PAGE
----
Recently there's been a lot of buzz surrounding a few services that Google is releasing in the coming year, but I've noticed something conspicuously absent from most articles about them: what they mean systemically for Google. I've got a few things that have been brewing in my mind about the implications of these services and what I think they will eventually come to mean to not just people on the cutting edge, but anyone who owns a cell phone or a computer. We'll start with Chrome OS in order to provide a little context for the other two services: Wave and Voice.
Chrome: A cloud OS
[caption id="" align="alignright" width="100" caption="Google Chrome Operating System"][/caption]
Google has implicitly been a supporter of cloud computing since its inception, it doesn't take a genius to figure out that you access pretty much everything they have to offer through a web browser. What I find extremely exciting about Chrome OS is the fact that it shows explicit support for the cloud as a viable computing platform. They are confident enough in this platform to release an operating system whose sole function is to access it. I'm not even concerned as to whether or not the OS itself is a success because Chrome itself isn't going to be that groundbreaking, you can already achieve all of the same functionality that it will afford on any existing computer running Windows, OSX or Linux. What I am interested in, and eagerly awaiting, is the paradigm shift in application development that Chrome heralds. There are already a few services that have seen the light, and understand that applications running in a browser are the only real way to ensure maximum compatibility across platforms, whether its your computer, cell phone, xbox or iPod, a web application can be made to work on all of these devices simultaneously. So Chrome doesn't hold any significance for me from the standpoint of Google entering the OS market, it holds significance for me because it lets me know that Google is ready to rock on the cloud.
Riding The Wave
So this leads us to our next topic: Google Wave. Wave is a pretty good example of how to leverage the cloud as a platform. I won't waste my breath detailing all of the features, it's been reviewed ad nauseum by blog after blog, a quick search should turn up a ton of information about it. Something I will note about the service is that it's a truly digital form of communication, and a much needed change of pace from email, which essentially just emulates the age old process of sending a letter to someone. Where this service gets interesting is in some of the features that it employs which we don't traditionally associate with a web application, such as dragging and dropping files from your computer into the browser. It starts to blur the lines between what we would consider a desktop application, and a web application. And guess which browser is going to be the first to support such features? Google Chrome!
Voice, like GMail but for your phone calls
Google Voice is another example of an application running in the cloud, but it's not quite as groundbreaking in its feature set, it really is just like gmail except instead of saving your emails, it saves your phone calls and text messages. The interesting thing to note about this service that I haven't seen very widely discussed, is that it positions Google pretty well to become a cell service provider. There have been whispers of Google inserting audio ads before placing phone calls or listening to voice mails, but I think the patent filed by Google is being misinterpreted. The entire purpose of voice is to add convinience to your phonecalls, not take it away by adding ads. So then why is Google filing patents for voice ads? I'm pretty certain it's because they want to provide free, or largely discounted cell service and supplement the cost of doing so by interspersing ads throughout.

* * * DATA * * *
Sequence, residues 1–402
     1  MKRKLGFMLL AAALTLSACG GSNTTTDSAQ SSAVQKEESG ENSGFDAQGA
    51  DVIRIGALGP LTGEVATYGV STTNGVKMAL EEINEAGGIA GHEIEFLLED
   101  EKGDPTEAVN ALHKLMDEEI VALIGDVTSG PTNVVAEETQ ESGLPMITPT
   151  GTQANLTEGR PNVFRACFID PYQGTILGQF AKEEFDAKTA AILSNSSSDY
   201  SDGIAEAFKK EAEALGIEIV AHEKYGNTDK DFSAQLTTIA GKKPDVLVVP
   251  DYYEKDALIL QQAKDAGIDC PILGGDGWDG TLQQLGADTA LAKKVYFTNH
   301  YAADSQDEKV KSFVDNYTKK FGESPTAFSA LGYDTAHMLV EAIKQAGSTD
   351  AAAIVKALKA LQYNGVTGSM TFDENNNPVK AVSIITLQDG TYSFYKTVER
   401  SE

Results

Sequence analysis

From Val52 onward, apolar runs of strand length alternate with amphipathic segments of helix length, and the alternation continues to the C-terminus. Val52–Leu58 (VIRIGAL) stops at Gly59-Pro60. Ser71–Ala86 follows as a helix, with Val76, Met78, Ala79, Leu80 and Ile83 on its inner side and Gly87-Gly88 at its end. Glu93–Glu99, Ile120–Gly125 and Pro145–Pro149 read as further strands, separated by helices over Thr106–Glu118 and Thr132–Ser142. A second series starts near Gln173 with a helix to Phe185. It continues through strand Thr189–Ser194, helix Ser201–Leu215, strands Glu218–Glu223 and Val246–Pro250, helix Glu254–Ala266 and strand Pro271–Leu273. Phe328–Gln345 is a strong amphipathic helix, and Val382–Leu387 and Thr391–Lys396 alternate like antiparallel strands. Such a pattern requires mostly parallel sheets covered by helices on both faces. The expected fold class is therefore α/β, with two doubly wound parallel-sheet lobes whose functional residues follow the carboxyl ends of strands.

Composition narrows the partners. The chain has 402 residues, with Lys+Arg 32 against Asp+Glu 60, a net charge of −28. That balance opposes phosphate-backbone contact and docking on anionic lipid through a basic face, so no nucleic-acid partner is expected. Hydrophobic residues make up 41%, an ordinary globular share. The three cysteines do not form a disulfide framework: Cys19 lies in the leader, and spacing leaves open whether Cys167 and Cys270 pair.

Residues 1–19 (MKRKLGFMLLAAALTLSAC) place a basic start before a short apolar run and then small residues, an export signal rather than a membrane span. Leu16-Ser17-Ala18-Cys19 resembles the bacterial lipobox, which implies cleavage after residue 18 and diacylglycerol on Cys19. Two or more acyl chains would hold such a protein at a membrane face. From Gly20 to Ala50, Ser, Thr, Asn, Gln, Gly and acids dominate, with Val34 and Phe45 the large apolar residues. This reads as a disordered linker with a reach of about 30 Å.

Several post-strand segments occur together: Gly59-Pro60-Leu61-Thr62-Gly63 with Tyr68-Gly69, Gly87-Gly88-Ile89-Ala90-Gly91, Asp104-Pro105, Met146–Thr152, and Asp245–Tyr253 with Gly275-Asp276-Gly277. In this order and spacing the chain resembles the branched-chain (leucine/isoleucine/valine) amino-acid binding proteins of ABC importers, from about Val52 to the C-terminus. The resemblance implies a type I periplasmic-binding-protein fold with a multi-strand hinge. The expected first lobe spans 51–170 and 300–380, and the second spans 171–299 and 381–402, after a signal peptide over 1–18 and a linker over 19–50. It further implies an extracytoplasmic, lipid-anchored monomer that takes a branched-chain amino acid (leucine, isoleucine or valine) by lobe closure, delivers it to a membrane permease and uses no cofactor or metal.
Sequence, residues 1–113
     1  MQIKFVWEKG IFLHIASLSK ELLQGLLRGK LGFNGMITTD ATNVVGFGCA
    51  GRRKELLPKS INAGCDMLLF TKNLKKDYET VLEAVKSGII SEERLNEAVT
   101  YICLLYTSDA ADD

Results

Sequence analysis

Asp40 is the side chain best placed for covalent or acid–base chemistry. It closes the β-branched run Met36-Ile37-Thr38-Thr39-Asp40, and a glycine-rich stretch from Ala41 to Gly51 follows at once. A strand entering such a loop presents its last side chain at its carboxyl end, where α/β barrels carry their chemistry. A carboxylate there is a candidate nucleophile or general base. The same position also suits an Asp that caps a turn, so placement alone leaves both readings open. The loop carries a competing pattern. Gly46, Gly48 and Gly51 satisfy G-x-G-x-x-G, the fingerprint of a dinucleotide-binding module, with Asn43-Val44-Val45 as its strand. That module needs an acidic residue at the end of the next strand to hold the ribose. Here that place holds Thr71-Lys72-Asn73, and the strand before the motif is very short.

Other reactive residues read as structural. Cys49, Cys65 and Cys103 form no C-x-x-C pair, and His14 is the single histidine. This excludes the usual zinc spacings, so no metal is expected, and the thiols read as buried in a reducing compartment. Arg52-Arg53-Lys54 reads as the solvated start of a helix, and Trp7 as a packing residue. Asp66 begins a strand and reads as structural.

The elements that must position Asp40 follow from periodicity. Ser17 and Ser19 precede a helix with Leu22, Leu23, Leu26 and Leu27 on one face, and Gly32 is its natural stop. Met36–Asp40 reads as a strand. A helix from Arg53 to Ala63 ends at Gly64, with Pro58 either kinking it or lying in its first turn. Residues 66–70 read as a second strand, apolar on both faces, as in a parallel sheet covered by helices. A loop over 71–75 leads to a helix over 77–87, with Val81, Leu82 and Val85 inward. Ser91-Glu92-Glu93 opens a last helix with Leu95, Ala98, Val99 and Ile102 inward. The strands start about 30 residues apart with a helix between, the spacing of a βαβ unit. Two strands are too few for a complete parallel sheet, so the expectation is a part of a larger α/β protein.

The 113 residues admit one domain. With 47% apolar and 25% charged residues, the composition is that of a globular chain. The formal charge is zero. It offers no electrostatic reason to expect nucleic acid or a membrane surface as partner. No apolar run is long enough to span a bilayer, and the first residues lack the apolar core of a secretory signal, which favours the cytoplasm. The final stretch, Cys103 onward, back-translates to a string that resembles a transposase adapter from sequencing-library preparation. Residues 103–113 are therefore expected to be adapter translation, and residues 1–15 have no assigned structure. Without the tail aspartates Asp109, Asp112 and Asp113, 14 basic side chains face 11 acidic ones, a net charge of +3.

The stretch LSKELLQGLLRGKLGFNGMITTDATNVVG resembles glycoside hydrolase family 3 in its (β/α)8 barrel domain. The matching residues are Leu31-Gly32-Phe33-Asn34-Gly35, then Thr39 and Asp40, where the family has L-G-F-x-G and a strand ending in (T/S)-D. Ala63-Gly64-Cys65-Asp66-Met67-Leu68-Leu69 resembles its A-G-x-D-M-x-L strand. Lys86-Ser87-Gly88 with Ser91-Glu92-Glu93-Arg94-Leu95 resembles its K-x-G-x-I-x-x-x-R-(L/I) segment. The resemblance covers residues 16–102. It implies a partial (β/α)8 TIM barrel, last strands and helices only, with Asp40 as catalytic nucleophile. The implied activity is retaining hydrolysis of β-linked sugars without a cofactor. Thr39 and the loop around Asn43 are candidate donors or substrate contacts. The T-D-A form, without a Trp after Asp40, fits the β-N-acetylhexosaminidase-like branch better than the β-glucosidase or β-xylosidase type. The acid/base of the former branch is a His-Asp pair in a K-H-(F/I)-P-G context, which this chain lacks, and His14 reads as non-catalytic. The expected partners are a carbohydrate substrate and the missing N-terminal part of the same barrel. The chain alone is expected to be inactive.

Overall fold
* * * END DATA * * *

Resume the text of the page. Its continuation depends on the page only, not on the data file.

So what does all of this mean?
These three services provide a picture of a new direction Google is headed. Their primary source of revenue is currently context specific advertising through their search and AdWords/AdSense products, but I think Google knows that they can't own the search market forever, and they are starting to diversify. We're starting to see a shift from Google's core focus being on search, and a broadening of their focus into service based advertising. YouTube, Google Maps, Docs, Voice and Wave might not exactly be cash cows right now, but something they all have in common is that they are positioned for (or already enjoying) immensely wide exposure, and they all run on the cloud. This means that each of these services provides a wide range of eager consumers for Google to push their advertisements to, and in virtually each case their services are provided for free. In the case of Google Voice, AT&T has already seen the writing on the wall, leaning on Apple to deny the official Google Voice application from their App Store. Google has always been an innovative company, but as they start to foray into new markets I think we'll see a lot of kicking and screaming from their competition. In any case, it's an exciting time to be a web developer, here at Digital Operative we are already involved in the developer program for Google Wave, and several of us are in the beta release of Google Voice. The web changes rapidly and taking a cue from Google, it's never too early to innovate.